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I Wonder Why...?

I will be writing about aspects of Spanish history and their traditions. I am a very curious person and have always needed to know "why" they do it, and "how" it came about. So over the years while living in Spain I have made a conscious effort to discover "el porque de las cosas" and I will be sharing them with you. I hope you find it as fascinating as I do.

Menorca's funeral territory
25 January 2018 @ 16:11

The Biniadrís cave is a forgotten cavern in the rock that hadn’t been touched for thousands of years. In an almost inaccessible hole in the rock face, measuring just 10 square meters were a great number of human skulls covered with dirt. Some had a perfect orifice drilled into the cranium, indicating that they had been trepanned. 

 

 

The cave was discovered in 2013 in the island of Menorca in the Balearic Islands. So far, the archaeological team has identified the bones of around 100 people belonging to the island’s Talayotic period during the Bronze Age. The cave was used from around 3,300 years ago until around 2,600 years ago as a burial site – “a sacred space” where mysterious funeral rituals were carried out.

However, they don’t know how they got the bodies to the cave but it appears that they were wrapped in a kind of linen shroud and carried on their backs. They were placed in the centre of the cave, covered with red ocher and left there until they had to make room for another body. Then the old remains would be piled up against the sides of the cave.

 

 

The archaeological team which has just published the first results of their research has photos of one of the most impressive discoveries in Biniadrís: a perfectly preserved lock of hair dyed with red ochre powder. They would cut a lock of hair from the dead and placed it in a tube that was made of leather or wood or other materials. In the lids of these tubes, which were made of bones, they carved a series of almost perfect concentric circles. However, it’s impossible to know what these ceremonies meant to them. In the same period, the Assyrians worshipped Enki, the god of fresh water; and the Egyptians worshipped Osiris, god of the afterlife. Like thousands of other beliefs that prompted generations of wars, they no longer mean anything.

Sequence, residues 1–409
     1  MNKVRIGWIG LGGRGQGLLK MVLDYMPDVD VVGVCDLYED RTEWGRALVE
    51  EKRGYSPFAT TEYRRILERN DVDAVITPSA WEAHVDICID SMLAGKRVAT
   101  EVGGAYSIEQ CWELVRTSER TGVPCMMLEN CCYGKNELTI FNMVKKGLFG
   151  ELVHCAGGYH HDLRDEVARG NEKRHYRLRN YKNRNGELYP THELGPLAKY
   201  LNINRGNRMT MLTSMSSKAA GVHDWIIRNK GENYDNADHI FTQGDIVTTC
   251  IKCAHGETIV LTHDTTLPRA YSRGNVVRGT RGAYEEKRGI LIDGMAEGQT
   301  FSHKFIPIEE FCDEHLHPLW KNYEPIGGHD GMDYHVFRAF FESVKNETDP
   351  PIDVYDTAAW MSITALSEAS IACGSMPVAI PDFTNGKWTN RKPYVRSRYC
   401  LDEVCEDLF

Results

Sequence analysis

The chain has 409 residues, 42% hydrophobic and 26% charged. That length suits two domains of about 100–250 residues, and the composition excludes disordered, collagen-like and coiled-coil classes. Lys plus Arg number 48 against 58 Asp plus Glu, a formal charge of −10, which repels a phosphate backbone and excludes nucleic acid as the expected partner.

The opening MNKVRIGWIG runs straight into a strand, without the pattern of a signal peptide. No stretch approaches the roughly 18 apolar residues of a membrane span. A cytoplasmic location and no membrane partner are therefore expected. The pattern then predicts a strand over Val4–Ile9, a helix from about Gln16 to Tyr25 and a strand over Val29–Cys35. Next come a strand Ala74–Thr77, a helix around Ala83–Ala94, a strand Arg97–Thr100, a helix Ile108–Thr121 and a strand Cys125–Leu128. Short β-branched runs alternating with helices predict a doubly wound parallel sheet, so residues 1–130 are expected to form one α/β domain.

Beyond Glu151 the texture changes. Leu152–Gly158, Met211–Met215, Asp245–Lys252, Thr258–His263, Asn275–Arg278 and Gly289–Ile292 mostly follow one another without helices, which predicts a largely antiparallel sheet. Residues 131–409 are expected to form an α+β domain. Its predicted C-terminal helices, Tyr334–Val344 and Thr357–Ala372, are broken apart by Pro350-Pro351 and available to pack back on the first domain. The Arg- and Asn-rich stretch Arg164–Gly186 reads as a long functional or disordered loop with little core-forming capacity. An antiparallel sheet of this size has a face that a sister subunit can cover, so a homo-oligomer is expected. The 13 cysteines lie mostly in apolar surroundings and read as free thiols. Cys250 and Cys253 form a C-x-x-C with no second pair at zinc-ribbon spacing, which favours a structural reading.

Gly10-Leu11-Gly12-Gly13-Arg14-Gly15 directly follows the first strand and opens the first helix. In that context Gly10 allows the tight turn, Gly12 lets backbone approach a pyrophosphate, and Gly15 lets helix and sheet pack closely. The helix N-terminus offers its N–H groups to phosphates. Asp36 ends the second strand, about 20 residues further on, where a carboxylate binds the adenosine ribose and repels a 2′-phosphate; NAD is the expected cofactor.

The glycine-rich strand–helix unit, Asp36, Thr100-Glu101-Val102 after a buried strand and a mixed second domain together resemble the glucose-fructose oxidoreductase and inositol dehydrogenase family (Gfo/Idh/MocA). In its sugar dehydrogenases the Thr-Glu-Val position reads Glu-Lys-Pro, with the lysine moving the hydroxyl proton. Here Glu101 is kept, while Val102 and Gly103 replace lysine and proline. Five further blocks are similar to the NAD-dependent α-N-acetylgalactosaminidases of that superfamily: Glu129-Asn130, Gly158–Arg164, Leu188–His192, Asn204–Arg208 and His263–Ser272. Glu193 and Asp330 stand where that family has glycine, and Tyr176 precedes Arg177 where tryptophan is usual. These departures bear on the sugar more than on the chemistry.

The archaeologists have also discovered buttons made of bone in the cave, similar to those from a duffel coat that suggest that the bodies were dressed. The buttons were pieces of craftsmanship that were perhaps passed down from generation to generation, according to archaeologist Manuel Altamirano.

In their report, the team describes five trepanned skulls bearing practically perfect holes. Some of these holes are scarcely big enough to fit a pencil through while others are as big as three centimetres in diameter. The lips of the holes suggest that the bone regenerated after the operation and the individuals subjected to the surgery carried on living. Trepanation was a common medical operation dating back to Neolithic times, undertaken to relieve the pressure of meningitis or strong headaches. The trepanations were performed by people with a certain know-how. According to the archaeologists, they made the holes with a stone tool using it like sandpaper and then employed a point. They would have had some kind of painkiller to avoid the pain.

The Biniadrís cave is the last mysterious corner of the funeral territory known as the Cales coves in the Alaior region of Menorca where, in 1990, other caves were found containing evidence of similar burials, such as Es Mussol, Es Càrritx and Es Pas. But, even within this extraordinary framework, Biniadrís is exceptional due to the quality of the remains. The digs will continue next summer – the cave still has much to reveal about the trepanned redheads.



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